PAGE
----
In the Shoddy Lands, the vain woman is described as being in a two-piece bathing suit, and then elsewhere, naked, to show just how vain she was in admiring her body (which, according to the author, was actually very sickening looking, like she had leprosy).

In another story, Ministering Angels, its short partial introduced us to a bunch of men living on Mars. The main character is a newly married man, but his wife is on Earth. A spaceship arrives from earth, bringing with it two women (two ugly women) who are supposed to be like mistresses to the men, but none of them like them in that way, so for the extent of the excerpt, it’s the men trying to humor them as well as get them to go back to Earth and leave them alone.

In the story, Forms of Things Unknown, there is mention of a girl who dumped a guy. And finally, in the excerpt, After Ten Years, there is mention of the infidelity of Helen of Troy to her husband, Menelaus. There is also a mention of a man, during the fall of Troy, touching a girl, which Menelaus quickly puts a stop to, and mentions of men chasing girls throughout the city.

Rating: 3/5

Violent Content: In The Dark Tower, the main “violent” content was from one of the individuals in the alternate universe, called a stingman. The stingman was a man, but he had a long stinger on his forehead, like a unicorn horn. He would sting his victims and they would struggle for a few minutes, then like turn into automatic machines like, from what I gathered. Also, someone gives someone a head-butt.

In the story, The Man Born Blind, the simple violence in this is that a man unintentionally commits suicide, trying to understand what “light” is, by throwing himself over a cliff.

In the story, Forms of Things Unknown, there is rumors of things being on the moon that have somehow killed the last few spacemen who have gone to see the Moon, or otherwise driven them mad. The main character of this excerpt goes to investigate, and he sees a human head with her hair blowing behind her, but there’s no wind blowing. The excerpt cuts off there.

In the last excerpt, After Ten Years, Menelaus thinks about how he will torture and kill Helen when he finds her, if he will torture or kill her. There is also some details about the fall of Troy and their sack of the city.

Rating: 4/5

Language: I was rather surprised to see language in a C.S Lewis book. The D-word and H-word are scattered about around a half a dozen times each, and there is one reference to the bi-word and a-word.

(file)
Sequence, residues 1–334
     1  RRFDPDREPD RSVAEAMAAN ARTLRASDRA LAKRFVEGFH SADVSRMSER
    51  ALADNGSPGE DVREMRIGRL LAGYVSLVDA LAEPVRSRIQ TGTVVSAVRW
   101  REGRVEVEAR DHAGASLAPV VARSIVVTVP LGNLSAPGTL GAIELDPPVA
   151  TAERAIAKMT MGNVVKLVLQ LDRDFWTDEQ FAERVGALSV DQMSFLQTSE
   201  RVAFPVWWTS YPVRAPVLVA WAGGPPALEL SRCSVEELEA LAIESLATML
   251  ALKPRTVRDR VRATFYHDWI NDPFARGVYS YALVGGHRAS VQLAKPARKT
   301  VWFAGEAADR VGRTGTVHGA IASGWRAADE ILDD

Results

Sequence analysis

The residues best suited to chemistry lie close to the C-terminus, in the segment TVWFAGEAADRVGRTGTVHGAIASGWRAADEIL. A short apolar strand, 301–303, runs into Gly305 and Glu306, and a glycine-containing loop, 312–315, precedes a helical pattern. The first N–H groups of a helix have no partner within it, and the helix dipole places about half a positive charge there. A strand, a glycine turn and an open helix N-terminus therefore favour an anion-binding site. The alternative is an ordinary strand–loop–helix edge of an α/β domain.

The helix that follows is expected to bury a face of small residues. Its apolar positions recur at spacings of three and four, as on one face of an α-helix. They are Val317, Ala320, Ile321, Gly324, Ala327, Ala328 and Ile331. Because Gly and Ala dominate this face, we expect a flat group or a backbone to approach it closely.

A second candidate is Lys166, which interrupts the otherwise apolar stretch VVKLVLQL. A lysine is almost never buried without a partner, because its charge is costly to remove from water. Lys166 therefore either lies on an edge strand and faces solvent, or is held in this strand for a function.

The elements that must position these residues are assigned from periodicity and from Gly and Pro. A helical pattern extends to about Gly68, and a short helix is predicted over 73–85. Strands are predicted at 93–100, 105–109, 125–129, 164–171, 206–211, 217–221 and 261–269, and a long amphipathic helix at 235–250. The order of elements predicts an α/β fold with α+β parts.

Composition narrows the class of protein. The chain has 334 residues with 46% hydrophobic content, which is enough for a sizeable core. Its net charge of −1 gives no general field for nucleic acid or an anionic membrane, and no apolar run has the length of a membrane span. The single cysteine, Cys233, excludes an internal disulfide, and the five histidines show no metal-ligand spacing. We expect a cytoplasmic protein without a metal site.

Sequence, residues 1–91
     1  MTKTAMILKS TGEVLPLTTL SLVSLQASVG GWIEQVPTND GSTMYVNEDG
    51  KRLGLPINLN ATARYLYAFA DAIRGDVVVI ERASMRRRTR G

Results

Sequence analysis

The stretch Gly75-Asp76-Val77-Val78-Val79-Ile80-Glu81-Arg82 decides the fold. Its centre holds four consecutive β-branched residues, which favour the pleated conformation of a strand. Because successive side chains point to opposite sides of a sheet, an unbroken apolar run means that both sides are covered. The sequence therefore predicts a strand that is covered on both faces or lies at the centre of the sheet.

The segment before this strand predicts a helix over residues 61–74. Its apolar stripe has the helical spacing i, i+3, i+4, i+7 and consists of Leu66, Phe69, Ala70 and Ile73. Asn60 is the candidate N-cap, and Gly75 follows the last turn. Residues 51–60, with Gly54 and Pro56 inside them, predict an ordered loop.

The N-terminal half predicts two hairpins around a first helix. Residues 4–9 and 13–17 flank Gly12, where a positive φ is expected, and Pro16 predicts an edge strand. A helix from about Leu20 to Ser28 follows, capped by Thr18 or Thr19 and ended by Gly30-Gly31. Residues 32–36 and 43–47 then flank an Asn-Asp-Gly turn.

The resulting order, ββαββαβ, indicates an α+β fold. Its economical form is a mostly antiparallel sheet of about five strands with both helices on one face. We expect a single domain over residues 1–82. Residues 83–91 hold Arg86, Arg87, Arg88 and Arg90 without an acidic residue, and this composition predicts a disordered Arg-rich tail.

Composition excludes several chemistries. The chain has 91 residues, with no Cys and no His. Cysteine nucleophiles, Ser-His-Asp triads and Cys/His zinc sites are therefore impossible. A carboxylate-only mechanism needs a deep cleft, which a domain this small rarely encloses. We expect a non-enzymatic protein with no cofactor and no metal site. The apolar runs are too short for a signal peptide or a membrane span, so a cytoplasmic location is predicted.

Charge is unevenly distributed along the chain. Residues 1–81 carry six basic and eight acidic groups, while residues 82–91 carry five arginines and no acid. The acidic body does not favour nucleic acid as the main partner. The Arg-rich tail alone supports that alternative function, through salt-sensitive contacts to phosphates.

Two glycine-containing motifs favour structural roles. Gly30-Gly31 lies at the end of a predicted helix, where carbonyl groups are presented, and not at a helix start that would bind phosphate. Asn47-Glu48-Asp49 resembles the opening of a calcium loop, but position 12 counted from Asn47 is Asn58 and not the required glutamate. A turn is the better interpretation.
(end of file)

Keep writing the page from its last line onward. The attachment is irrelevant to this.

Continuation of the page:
Rating: 2.5/5

Other Negative Content: Since this story was an excerpt story, it was rather hard to really enjoy or get invested into any of the stories. Two of the five stories within were actually finished short stories, and they were all rather… weird, in my opinion, not like C.S Lewis’ Chronicles of Narnia at all. Perhaps if he would have finished them, they would have been better, but they definitely weren’t my favorite of his writings.

Rating: 4/5

Total Content Rating: 3.3/5 Stars

Personal Review

When I first grabbed this book, I didn’t actually realize they were a collection of C.S. Lewis’ unfinished stories. While interesting to see some of Mr. Lewis’ other ideas which he never got to publish, it was hard to get into any one of the stories because of how partial most of them were. There were a couple that were finished, honestly, my favorite one was one of those. But it was hard to really enjoy the story when it ended so abruptly, and when I wasn’t quite sure what the point of it was.

The Dark Tower was the longest partial story, and it was pretty interesting, despite being cut off so quickly. I’m still wondering what C.S Lewis’ point in it was, though. After Ten Years was another interesting partial, being a retelling of the fall of Troy, and since I was always interested in that time period, it was cool, but it still cut off so early I wasn’t able to get invested. My favorite of the stories was The Shoddy Lands, a short story actually finished. Even then, it was rather weird, but it was the only one I clearly understood the allegory and point to, which made it very intriguing for me.

Besides that, I was surprised at the dozen or so times I spotted some language scattered about, seeing as this is a C.S Lewis book. Maybe Mr. Lewis was planning on taking the language out before he published it, but never got around to doing it? I don’t know, but it really surprised me.

As of that, for this personal review, I will probably give this book three stars.

Personal Rating: 3/5 Stars

I hope you enjoyed this review! Do you think you’ll read this book? Have you read this book? Have you read any C.S Lewis books? Let me know in the comments below! God bless! ~ Kay Leigh

(And of course, Nicky’s stamp of approval, can’t miss that!)

One thought on “August Read: The Dark Tower (and Other Stories)